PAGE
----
|Sponsored by Kingston Strategic (NZ) Ltd|
Keep up to date with
Maori News on Twitter
Or follow the news on
Click above to access
the TKI RSS feed
Also click to see Te Karere
Ipurangi on Bebo.
Posted by karere under Maori News
King Country Maori have occupied a former Crafar farm earmarked for possible sale to Chinese investors.
Seven occupiers moved onto a property 22km east of Benneydale late yesterday afternoon.
Rereahu iwi spokesman Edward Moana-Emery said the occupation was a “last-ditch effort” to stop the sale of two Crafar farms they say are ancestral land.
Mr Moana-Emery said the properties on State Highway 30, totalling about 1900 hectares, were part of the iwi’s Treaty of Waitangi settlement negotiations.
He expected occupiers’ ranks to swell when news of their occupation spread.
“Our land was stolen from us in 1886 and we’ve been fighting for 126 years to get the land back. I hope this occupation will be over fast but if it isn’t we’re prepared to occupy it for as long as it takes.”
Mr Moana-Emery said Rereahu iwi were affiliated to the iwi consortium led by merchant banker Sir Michael Fay who is offering $171.5 million for the 16 Crafar properties.
In January the Government gave consent for Chinese investor Shanghai Pengxin to buy the 16 in-receivership North Island farms but a High Court decision last week effectively overturned Crown approval of the deal.
The court said Overseas Investment Office (OIO) officials and ministers did not correctly consider the economic benefits of the Overseas Investment Act criteria and ordered a reconsideration.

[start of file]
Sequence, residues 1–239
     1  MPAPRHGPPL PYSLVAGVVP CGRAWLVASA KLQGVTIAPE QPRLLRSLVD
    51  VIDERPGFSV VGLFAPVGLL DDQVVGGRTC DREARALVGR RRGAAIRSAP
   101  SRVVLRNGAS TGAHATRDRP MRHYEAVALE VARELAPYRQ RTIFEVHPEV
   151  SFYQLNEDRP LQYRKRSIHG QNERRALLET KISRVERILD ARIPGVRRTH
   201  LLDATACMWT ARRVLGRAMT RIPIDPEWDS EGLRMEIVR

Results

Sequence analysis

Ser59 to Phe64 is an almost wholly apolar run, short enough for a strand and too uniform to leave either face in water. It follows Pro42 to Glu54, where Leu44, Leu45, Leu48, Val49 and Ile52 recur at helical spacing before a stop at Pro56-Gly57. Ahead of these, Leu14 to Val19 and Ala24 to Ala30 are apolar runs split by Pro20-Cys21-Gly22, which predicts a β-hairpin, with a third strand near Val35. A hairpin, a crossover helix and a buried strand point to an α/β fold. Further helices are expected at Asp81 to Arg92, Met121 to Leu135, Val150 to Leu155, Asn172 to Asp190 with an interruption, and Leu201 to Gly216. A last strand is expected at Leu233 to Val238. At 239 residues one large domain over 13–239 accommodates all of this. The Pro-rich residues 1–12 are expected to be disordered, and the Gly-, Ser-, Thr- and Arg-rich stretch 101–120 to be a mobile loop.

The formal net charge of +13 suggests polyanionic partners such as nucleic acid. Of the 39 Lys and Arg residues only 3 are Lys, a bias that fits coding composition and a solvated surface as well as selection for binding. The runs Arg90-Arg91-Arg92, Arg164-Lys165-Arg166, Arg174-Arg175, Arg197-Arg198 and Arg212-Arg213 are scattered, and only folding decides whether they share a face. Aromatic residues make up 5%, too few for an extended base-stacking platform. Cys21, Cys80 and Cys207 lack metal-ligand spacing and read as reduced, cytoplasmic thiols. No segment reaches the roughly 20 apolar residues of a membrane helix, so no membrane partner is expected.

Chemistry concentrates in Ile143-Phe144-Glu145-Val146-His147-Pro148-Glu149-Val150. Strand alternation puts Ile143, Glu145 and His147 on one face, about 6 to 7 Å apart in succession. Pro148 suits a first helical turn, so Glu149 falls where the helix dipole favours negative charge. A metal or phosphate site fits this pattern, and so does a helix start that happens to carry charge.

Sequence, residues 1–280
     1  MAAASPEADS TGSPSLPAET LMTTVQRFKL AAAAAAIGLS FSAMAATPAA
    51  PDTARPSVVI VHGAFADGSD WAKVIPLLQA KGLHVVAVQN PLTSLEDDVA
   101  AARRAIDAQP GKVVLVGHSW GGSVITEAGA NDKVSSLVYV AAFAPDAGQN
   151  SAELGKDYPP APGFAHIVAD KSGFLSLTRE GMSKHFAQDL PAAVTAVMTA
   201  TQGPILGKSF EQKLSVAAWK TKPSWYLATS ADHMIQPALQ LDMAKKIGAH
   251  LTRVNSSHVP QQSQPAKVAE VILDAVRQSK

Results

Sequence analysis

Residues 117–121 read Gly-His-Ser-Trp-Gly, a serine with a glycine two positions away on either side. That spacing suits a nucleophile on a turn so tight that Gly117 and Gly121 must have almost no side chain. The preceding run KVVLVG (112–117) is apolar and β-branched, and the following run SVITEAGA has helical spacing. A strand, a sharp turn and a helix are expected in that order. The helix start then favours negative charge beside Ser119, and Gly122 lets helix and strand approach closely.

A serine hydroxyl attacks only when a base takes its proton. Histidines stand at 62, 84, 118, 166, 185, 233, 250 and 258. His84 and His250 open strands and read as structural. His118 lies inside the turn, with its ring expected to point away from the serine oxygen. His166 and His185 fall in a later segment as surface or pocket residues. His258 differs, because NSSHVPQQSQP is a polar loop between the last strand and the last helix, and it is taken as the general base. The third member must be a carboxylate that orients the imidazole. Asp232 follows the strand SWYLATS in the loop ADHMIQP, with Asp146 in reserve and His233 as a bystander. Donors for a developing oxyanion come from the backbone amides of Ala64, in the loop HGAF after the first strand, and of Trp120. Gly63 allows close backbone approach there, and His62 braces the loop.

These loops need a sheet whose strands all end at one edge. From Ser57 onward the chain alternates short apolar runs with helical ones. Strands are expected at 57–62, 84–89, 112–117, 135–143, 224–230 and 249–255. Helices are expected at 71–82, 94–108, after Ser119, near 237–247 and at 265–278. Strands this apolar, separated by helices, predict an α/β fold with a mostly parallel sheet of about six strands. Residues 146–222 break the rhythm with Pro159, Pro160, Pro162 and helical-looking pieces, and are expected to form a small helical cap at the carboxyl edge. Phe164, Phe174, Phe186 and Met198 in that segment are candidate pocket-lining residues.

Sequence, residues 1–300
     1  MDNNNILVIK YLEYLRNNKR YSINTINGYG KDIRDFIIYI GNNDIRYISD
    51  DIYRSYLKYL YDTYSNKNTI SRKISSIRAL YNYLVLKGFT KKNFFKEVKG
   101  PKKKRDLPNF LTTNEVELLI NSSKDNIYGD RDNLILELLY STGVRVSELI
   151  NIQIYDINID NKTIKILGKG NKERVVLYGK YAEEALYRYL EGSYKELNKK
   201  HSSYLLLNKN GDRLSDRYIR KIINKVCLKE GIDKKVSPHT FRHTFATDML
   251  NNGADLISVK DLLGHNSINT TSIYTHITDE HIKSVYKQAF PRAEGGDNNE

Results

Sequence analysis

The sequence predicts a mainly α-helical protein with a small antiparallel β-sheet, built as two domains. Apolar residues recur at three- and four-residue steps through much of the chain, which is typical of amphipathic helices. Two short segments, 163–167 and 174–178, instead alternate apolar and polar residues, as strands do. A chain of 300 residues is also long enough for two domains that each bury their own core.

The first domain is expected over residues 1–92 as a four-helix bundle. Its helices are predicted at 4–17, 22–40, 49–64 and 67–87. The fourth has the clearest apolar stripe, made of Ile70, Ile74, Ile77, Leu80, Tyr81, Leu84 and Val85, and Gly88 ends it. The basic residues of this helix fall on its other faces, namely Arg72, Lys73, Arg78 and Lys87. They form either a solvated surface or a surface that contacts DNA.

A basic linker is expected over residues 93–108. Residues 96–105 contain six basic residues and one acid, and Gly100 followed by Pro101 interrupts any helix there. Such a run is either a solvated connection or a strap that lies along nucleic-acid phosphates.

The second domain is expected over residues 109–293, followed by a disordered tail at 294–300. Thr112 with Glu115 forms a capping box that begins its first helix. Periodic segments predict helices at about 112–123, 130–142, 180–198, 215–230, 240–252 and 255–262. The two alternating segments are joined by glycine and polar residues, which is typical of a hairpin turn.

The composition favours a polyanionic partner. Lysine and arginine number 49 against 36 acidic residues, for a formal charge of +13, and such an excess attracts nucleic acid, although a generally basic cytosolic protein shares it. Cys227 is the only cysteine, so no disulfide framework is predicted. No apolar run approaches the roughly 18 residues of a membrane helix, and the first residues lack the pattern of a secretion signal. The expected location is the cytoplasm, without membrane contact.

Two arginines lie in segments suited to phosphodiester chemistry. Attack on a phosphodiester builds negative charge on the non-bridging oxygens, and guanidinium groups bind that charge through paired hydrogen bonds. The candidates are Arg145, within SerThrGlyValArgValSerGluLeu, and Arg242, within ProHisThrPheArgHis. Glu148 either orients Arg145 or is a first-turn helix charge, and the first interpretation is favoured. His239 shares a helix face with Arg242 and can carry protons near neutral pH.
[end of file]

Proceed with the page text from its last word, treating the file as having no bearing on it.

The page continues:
The Shanghai Pengxin offer is understood to be about $210m.
Mr Moana-Emery said the Government was determined to fast-track the Chinese bid.
“We’ve got the Chinese who are the new super power on the block and the Government is hoping to sell billions of dollars of exports to it. We’ve said all along that we are prepared to pay for the two farms, up to $32m, but the Government doesn’t want to listen.”
Mr Moana-Emery said the occupation would be peaceful and would not interfere with the running of the farms.
“We only plan to occupy one farm and we won’t disrupt farm workers going about their work. We also don’t have any animosity toward the Chinese. I think if the Chinese knew these two farms were stolen land they wouldn’t want to buy it.”
Occupiers have set up four banners on a sacred spot, off Pureora Rd, known as Nga Herenga.
Mr Moana-Emery was confident the group’s numbers would exceed 20 within a week.
“Once all our cousins living in Auckland hear about this they’ll come home. What we’re asking is that when they drive down from Auckland they pick up about four cousins on the way.”
A farm worker from an adjacent Crafar farm said she was fearful when first told of the occupation.
“I work on the farm next door and we’ve spent the day locking farm gates. I was worried men might try and storm into our home,” she said.[here]